Famous Predictions

I hate email forwards but I had to share this one.

So…You tell me I can’t have EVERY SINGLE THING I envision for my life?

Well…these people were naysayers too…

“Man will never reach the moon regardless of all future scientific advances.” — Dr. Lee DeForest, “Father of Radio & Grandfather of Television.”

“The bomb will never go off. I speak as an expert in explosives.” – – Admiral William Leahy, US Atomic Bomb Project”There is no likelihood man can ever tap the power of the atom.” — Robert Millikan, Nobel Prize in Physics, 1923

“I think there is a world market for maybe five computers .” — Thomas Watson, chairman of IBM, 1943

“There is no likelihood man can ever tap the power of the atom.” — Robert Millikan, Nobel Prize in Physics, 1923

“I think there is a world market for maybe five computers .” — Thomas Watson, chairman of IBM, 1943

“This ‘telephone’ has too many shortcomings to be seriously considered as a means of communication. The device is inherently of no value to us,” — Western Union internal memo, 1876.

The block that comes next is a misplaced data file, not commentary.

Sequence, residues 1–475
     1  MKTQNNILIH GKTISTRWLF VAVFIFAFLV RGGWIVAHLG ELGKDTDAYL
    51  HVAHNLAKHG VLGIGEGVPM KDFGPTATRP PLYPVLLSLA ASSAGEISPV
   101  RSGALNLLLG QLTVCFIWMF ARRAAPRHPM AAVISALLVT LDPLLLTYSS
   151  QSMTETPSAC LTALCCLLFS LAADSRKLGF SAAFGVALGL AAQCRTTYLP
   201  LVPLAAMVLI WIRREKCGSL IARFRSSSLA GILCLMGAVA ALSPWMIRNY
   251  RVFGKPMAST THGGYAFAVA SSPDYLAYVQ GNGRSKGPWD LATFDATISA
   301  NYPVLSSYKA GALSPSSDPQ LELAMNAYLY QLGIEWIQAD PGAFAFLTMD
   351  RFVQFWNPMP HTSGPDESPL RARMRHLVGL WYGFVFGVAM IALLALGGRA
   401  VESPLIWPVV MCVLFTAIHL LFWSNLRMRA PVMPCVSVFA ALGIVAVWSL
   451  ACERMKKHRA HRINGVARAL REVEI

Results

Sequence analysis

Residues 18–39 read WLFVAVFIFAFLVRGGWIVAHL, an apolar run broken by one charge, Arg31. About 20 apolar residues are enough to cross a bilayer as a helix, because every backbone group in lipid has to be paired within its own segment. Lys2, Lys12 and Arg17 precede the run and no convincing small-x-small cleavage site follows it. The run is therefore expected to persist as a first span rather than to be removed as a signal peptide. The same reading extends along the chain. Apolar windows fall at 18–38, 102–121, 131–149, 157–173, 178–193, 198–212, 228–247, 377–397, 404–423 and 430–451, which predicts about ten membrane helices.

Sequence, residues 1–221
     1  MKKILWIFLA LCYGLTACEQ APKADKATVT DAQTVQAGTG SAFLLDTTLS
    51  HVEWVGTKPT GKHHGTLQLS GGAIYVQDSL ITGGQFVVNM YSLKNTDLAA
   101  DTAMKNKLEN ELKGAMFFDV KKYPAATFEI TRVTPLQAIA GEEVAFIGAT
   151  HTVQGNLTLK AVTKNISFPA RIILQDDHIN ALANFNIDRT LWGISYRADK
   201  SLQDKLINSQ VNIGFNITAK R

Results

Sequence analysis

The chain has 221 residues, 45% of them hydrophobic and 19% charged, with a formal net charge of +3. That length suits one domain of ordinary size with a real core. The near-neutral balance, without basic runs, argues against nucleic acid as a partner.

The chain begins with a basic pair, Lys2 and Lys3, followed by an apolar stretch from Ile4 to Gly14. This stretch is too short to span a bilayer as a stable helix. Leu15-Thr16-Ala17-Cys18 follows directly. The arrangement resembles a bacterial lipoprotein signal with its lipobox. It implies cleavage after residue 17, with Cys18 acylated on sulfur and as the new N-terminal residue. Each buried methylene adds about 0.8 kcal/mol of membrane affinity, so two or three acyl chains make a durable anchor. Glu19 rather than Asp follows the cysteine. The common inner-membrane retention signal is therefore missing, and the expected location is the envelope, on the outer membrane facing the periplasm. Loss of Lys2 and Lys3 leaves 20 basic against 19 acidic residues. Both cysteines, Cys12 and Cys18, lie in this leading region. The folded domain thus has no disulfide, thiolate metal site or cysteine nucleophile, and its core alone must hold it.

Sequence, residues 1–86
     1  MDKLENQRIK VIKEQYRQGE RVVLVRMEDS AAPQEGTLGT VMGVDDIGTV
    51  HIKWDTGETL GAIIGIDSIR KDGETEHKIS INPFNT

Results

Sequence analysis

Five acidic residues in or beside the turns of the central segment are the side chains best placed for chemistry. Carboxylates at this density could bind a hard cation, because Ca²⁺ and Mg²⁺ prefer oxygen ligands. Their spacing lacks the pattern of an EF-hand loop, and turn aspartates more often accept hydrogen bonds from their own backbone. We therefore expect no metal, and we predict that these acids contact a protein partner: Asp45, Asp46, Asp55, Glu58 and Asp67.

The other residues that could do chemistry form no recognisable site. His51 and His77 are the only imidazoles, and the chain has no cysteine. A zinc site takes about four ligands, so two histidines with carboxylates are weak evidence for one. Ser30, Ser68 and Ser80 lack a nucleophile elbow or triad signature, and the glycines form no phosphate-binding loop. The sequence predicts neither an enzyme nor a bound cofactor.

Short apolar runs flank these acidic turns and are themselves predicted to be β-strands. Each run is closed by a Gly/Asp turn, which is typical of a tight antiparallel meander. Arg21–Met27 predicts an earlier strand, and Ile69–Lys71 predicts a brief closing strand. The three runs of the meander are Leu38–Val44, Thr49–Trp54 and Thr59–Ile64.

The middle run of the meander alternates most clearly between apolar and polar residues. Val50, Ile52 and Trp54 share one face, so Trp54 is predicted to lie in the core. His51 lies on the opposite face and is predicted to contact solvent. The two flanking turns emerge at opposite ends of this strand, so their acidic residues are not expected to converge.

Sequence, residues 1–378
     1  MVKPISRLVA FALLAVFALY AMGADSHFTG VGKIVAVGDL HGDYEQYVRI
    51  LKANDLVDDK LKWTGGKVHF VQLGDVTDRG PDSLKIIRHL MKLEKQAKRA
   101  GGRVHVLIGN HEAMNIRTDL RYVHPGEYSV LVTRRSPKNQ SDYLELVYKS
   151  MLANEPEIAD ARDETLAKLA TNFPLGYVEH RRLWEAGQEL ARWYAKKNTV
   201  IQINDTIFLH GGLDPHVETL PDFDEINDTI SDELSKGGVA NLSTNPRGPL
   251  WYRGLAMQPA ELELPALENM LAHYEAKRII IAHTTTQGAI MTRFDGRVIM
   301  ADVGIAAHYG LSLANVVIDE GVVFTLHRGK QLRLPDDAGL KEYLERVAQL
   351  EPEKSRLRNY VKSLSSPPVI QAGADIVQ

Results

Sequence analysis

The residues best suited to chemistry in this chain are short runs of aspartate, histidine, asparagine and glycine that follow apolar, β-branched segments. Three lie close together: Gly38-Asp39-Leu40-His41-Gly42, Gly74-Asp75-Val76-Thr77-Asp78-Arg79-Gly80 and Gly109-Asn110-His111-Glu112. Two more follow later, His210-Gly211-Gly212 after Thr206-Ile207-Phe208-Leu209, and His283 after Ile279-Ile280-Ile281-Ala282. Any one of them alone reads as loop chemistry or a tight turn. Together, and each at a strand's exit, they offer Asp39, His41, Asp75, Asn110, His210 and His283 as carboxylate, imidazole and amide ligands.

“The wireless music box has no imaginable commercial value. Who would pay for a message sent to nobody in particular?” — David Sarnoff’s associates in response to his urgings for investment in the radio in the 1920s.

“I’m just glad it’ll be Clark Gable who’s falling on his face and not Gary Cooper,” — Gary Cooper on his decision not to take the leading role in “Gone With The Wind.”

“A cookie store is a bad idea. Besides, the market research reports say America likes crispy cookies, not soft and chewy cookies like you make,” — Response to Debbi Fields’ idea of starting Mrs. Fields’ Cookies.

“We don’t like their sound, and guitar music is on the way out,” — Decca Recording Co. rejecting the Beatles, 1962.

“Everything that can be invented has been invented,” — Charles H. Duell, Commissioner, US Office of Patents, 1899.

“I don’t know what use any one could find for a machine that would make copies of documents. It certainly couldn’t be a feasible business by itself.” — the head of IBM, refusing to back the idea, forcing the inventor to found Xerox.

“There is no reason anyone would want a computer in their home.” — Ken Olson, president, chairman and founder of Digital Equipment Corp., 1977

What are people telling you that YOU CAN NOT DO?
Break the Rules!

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